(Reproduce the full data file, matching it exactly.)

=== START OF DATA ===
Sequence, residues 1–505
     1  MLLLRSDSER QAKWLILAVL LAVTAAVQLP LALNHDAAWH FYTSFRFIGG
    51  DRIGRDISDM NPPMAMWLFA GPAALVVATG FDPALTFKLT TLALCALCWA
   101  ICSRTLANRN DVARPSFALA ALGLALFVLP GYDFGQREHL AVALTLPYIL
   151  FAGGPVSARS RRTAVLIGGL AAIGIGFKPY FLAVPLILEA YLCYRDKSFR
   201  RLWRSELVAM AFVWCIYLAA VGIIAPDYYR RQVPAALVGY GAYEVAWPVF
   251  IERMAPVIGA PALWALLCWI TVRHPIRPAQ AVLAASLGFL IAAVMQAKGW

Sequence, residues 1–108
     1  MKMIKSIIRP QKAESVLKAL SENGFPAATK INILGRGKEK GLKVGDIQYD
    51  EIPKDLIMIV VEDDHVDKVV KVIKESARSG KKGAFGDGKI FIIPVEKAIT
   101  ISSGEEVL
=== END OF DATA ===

Sequence, residues 1–505
     1  MLLLRSDSER QAKWLILAVL LAVTAAVQLP LALNHDAAWH FYTSFRFIGG
    51  DRIGRDISDM NPPMAMWLFA GPAALVVATG FDPALTFKLT TLALCALCWA
   101  ICSRTLANRN DVARPSFALA ALGLALFVLP GYDFGQREHL AVALTLPYIL
   151  FAGGPVSARS RRTAVLIGGL AAIGIGFKPY FLAVPLILEA YLCYRDKSFR
   201  RLWRSELVAM AFVWCIYLAA VGIIAPDYYR RQVPAALVGY GAYEVAWPVF
   251  IERMAPVIGA PALWALLCWI TVRHPIRPAQ AVLAASLGFL IAAVMQAKGW

Sequence, residues 1–108
     1  MKMIKSIIRP QKAESVLKAL SENGFPAATK INILGRGKEK GLKVGDIQYD
    51  EIPKDLIMIV VEDDHVDKVV KVIKESARSG KKGAFGDGKI FIIPVEKAIT
   101  ISSGEEVL